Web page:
COVID-19 viral fragments detected in Airlie Beach sewage
3 September 2020
Viral fragments of COVID-19 have been detected in a sample from the Cannonvale-Airlie Beach sewage treatment plant.
The sample was taken as part of a joint Queensland Health, University of Queensland and CSIRO pilot research program to test sewage for traces of COVID-19. Sampling has been taking place at several locations across Queensland since mid-July.
Queensland Chief Health Officer Dr Jeannette Young said the surveillance program was just one part of a wider response to COVID-19 and that a positive sample was no concern for the community.
“Early on in the response, I asked our Hospital and Health Services to be ready to respond to any scenario and to stand up pop-up testing clinics. This research is helping us to inform our response and supports the need for ongoing vigilance and testing,” Dr Young said.
“I’m not concerned about the finding of these viral fragments and it should be of no concern to the community, but just to put everyone’s minds at ease, we have stood up a pop-up testing clinic at the Airlie Beach Lagoon carpark till Sunday from 10am to 4pm. If anyone has COVID-19 symptoms, no matter how mild, they should go and get tested.
“A positive sewage result meant that someone who has been infected was shedding the virus. Infected people can shed viral fragments and that shedding can happen for several weeks after the person is no longer infectious. The viral fragments themselves are not infectious.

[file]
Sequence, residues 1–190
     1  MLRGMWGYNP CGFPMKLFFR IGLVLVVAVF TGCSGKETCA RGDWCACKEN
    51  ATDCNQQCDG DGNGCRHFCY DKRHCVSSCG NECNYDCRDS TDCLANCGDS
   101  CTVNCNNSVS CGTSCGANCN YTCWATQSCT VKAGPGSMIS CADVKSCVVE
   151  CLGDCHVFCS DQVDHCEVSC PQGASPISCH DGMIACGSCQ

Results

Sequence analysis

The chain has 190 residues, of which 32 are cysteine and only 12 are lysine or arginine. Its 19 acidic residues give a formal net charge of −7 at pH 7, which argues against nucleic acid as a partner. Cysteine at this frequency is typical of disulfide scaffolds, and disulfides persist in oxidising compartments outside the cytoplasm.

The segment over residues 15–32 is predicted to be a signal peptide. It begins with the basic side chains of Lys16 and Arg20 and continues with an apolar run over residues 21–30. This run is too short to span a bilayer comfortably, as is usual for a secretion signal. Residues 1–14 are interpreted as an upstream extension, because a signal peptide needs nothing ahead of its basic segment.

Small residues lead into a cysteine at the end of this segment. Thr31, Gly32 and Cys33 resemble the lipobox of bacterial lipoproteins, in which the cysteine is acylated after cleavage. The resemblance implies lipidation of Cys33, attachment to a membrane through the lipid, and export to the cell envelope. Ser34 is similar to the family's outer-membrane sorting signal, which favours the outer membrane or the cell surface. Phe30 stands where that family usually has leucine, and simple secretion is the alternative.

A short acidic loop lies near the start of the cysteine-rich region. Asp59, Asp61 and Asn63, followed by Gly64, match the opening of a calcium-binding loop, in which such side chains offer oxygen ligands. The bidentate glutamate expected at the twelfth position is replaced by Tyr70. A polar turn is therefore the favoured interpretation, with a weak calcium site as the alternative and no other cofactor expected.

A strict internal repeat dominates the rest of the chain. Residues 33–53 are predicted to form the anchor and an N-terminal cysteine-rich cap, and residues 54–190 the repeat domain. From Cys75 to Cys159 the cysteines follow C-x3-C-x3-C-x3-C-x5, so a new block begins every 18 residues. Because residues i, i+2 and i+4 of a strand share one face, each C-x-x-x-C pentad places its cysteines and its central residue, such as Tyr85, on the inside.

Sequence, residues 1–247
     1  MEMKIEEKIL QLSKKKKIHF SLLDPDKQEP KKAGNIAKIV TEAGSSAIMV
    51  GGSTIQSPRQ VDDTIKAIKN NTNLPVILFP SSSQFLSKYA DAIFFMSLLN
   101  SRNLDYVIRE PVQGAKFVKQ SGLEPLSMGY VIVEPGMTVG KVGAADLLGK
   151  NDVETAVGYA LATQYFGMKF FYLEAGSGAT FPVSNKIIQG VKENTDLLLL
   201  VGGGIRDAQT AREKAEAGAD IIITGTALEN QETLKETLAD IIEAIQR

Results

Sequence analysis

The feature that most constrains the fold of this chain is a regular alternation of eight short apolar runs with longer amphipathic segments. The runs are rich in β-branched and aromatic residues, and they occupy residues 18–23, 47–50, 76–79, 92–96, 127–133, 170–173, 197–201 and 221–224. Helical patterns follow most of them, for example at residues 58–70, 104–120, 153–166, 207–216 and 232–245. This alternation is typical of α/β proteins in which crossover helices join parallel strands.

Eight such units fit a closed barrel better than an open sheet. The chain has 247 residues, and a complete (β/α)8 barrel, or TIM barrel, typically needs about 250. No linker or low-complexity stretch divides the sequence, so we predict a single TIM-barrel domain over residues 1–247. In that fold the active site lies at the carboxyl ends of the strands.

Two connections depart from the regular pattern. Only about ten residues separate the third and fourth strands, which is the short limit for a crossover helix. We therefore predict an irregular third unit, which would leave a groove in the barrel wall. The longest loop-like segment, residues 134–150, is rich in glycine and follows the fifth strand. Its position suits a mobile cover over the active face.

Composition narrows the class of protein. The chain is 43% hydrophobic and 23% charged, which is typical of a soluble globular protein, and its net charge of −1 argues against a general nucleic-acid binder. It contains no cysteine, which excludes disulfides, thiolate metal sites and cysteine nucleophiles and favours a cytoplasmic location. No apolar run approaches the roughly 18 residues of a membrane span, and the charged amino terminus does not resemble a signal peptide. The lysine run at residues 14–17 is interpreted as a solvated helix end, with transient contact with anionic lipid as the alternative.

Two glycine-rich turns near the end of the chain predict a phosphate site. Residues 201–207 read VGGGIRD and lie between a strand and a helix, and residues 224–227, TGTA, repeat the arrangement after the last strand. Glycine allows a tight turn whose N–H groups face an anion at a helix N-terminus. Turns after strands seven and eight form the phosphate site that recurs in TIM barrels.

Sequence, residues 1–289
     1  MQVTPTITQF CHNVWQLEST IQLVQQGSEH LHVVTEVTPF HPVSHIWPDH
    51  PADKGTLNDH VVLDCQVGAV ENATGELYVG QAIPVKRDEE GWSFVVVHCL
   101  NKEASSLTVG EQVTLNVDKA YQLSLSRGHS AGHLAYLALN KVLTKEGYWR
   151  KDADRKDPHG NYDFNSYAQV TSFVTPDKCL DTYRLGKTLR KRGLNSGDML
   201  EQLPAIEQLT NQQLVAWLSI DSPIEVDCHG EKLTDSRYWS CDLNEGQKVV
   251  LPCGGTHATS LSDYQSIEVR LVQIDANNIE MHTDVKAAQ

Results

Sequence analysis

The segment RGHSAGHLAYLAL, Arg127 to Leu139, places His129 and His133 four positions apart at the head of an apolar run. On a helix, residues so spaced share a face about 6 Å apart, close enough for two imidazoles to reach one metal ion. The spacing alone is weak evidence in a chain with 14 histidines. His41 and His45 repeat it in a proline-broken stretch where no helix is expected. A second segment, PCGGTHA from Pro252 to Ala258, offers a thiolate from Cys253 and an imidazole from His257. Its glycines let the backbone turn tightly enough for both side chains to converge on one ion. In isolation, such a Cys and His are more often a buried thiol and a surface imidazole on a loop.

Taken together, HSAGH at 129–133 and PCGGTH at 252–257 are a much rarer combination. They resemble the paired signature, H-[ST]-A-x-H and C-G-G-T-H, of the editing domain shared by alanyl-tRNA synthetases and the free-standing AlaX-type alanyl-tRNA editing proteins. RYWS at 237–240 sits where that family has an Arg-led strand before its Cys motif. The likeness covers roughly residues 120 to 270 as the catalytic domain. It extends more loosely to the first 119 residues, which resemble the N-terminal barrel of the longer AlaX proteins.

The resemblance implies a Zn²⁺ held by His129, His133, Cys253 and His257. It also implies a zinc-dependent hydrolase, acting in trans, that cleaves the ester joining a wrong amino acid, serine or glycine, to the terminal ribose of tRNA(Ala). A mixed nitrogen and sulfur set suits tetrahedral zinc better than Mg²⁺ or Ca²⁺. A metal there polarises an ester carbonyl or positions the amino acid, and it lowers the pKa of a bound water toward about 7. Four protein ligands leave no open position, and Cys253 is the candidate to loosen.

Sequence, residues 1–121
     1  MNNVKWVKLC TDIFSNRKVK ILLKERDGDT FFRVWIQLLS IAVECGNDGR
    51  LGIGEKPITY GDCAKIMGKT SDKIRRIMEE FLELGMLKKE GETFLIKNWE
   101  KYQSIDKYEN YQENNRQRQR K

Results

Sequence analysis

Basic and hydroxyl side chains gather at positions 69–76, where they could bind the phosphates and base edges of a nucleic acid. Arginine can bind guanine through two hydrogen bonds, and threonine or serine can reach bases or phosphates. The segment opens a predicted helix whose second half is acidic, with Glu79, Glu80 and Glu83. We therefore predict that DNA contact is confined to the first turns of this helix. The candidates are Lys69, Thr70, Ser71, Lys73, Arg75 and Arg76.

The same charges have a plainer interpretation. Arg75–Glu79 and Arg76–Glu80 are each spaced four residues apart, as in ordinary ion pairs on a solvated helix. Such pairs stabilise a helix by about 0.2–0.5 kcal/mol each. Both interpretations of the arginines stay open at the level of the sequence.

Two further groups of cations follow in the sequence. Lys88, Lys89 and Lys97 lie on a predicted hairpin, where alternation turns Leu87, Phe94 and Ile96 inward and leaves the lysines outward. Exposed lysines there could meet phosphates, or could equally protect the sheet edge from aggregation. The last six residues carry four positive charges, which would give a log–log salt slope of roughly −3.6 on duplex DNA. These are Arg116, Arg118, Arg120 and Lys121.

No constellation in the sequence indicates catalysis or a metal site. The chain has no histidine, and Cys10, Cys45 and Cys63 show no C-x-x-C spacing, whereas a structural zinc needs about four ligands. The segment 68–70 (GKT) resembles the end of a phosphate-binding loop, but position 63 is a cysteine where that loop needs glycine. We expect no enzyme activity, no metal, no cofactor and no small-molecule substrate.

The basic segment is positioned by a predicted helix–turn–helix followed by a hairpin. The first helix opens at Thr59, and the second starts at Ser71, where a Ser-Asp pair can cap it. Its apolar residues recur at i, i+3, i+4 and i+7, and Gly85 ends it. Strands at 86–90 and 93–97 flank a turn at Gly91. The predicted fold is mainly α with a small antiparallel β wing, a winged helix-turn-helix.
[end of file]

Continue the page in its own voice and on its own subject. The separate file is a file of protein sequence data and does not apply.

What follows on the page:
“Drinking water is treated before it reaches your tap and is safe to drink and shower. There is no risk in watering your garden or swimming.
“It’s also important to remember that the usual wastewater treatment processes are specifically designed to get rid of microorganisms, including viruses, by removing or killing them, before any water is returned to the environment.
“Just like anywhere else in Queensland, it remains the case that it’s really important that anyone with symptoms gets tested.
“So, anyone feeling unwell with even the mildest of COVID-19 symptoms should go and get tested as soon as possible, and self-isolate until they get their result. Stay at home, don’t have visitors, and don’t go to work, or anywhere else, until you get your test results and know you are clear of COVID-19.”
Further wastewater testing will be undertaken as the research program continues, and more information on the program itself will be released when appropriate.
If you have symptoms, please go and get tested. More Information on testing and where you can get tested can be found here https://www.qld.gov.au/health/conditions/health-alerts/coronavirus-covid-19/stay-informed/testing-and-fever-clinics
Queensland Health is coordinating a limited, pilot wastewater surveillance program for SARS-CoV-2 across Queensland to increase our understanding of how a program like this might help public health officials better understand the extent of COVID-19 infections in communities.
The scope of this program includes south east Queensland and a limited number of other sites, based on major population centres and tourism hubs. The program commenced mid-July and will run for 13 weeks. Current locations are listed below, but may change:
- Gold Coast
- Sunshine Coast
- Hervey Bay
- Cannonvale-Airlie Beach